Governor Terry McAuliffe's approval has declined from August. His job approval now stands at 38 percent (down six point from August), while disapproval is at 25 percent (up from 15% in August). Disapproval is up 20 points among self-described Conservatives, but is also up 12 points among Moderates. Similarly, disapproval is up 20 points among Republicans. At the same time approval is down for all groups, even Democrats (-9 points) and Liberals (-7 points). This may be related to the statewide elections, which were held the week prior to this poll.
"There is good news and bad news for Hillary Clinton in these results," said Dr. Harry Wilson, director of the Institute for Policy and Opinion Research. "While she is tied with or leads all the top Republican contenders, her unfavorable rating of 47 percent is dangerously close to the 50 percent line often thought to make a candidate unelectable. The fact that most of her opponents are also ‘under water' on that scale clearly benefits her."
"There is a very small percentage of undecided voters almost a year before the election. That suggests that this election will ultimately focus on turnout and on a very small number of undecided voters."
With regard to criminal justice reform, "Virginians' views of drug-related crimes are similar to those of the nation, Wilson said. "In an era of low crime, it is not too surprising that the pendulum is swinging in the direction of less punitive measures. If the crime rate turns, we should expect to see opinion change as well. And, while the public favors reinstating parole, that could also change as opinion is split on the impact of higher incarceration rates."
The Roanoke College Poll is funded by Roanoke College as a public service.
Interviewing for The Roanoke College Poll was conducted by The Institute for Policy and Opinion Research at Roanoke College in Salem, Va. between November 9 and November 13, 2015. A total of 601 Virginia residents 18 or older were interviewed. Telephone interviews were conducted in English. The random digit dial sample was obtained from asde Survey Sampler and includes both Virginia land line and cell phone exchanges so that all cell phone and residential land line telephone numbers, including unlisted numbers from Virginia exchanges, had a known chance of inclusion. Cell phones constituted 38 percent of the completed interviews.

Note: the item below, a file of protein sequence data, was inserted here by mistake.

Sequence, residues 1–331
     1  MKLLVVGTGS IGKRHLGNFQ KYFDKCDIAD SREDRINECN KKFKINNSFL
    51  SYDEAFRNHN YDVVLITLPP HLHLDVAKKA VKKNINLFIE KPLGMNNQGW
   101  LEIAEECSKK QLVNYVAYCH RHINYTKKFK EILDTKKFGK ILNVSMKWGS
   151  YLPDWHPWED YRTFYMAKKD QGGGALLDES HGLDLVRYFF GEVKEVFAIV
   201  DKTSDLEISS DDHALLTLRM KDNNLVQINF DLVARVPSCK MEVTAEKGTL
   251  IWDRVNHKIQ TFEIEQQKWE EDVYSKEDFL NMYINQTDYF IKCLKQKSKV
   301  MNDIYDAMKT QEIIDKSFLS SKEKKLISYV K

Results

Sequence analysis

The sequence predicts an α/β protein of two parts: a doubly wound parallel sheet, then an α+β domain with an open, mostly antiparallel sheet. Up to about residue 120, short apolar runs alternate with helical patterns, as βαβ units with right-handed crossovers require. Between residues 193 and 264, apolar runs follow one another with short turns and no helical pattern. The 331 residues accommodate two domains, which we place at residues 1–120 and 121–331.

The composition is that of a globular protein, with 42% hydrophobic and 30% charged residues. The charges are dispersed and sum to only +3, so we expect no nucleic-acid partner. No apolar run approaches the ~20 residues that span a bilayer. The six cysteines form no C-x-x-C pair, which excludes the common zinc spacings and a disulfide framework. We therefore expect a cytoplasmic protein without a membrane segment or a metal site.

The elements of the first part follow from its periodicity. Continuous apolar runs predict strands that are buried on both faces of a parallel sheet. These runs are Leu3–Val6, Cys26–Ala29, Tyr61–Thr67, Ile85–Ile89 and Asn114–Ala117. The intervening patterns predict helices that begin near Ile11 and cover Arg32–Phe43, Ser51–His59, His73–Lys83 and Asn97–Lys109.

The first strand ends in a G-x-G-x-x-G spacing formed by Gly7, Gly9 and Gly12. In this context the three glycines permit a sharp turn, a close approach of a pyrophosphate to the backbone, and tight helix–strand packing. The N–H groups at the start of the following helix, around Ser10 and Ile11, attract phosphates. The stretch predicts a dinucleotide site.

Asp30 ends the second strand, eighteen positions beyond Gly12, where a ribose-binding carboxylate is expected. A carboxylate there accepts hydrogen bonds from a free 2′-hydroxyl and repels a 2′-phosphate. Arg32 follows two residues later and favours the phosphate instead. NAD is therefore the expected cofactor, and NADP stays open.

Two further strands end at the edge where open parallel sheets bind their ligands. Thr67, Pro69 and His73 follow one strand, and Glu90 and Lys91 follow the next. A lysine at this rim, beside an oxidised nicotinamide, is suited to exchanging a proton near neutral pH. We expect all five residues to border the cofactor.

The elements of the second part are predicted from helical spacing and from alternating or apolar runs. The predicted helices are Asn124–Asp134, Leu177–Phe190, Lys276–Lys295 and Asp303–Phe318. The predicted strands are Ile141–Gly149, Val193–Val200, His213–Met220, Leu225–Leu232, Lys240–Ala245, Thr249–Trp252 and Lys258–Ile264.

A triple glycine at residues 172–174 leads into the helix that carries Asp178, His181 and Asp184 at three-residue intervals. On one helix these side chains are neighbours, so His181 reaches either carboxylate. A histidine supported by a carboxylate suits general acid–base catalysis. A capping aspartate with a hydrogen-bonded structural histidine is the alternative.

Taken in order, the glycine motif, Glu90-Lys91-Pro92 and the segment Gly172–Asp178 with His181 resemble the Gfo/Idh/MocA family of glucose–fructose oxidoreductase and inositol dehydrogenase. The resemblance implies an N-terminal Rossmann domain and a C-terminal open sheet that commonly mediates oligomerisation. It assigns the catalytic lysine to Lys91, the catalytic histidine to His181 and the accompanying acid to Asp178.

Questions answered by the entire sample of 601 residents are subject to a sampling error of plus or minus approximately 4 percent at the 95 percent level of confidence. This means that in 95 out of 100 samples like the one used here, the results obtained should be no more than 4 percentage points above or below the figure that would be obtained by interviewing all Virginia residents who have a home telephone or a cell phone. Where the results of subgroups are reported, the sampling error is higher. For example, the sample of 555 registered (and those who said it was likely they would register by November 2016) voters has a margin of error of + 4.2%.
Quotas were used to ensure that different regions of the Commonwealth were proportionately represented. The data were statistically weighted for gender, race, age, and political party. Weighting was done to match the demographic groups' representation in the 2012 Virginia exit poll. The margin of error was not adjusted for design effects due to weighting.
A copy of the questionnaire and all toplines may be found here.
More information about the Poll may be obtained by contacting Dr. Harry Wilson at firstname.lastname@example.org or (540) 375-2415 or the Roanoke College Public Relations Office at (540) 375-2282. The Roanoke College Poll is funded by Roanoke College as a public service.
Click here for more about the Institute for Public Opinion Research.
CONTACT: Dr. Harry L. Wilson, Director, IPOR
(540) 375-2415 (Office)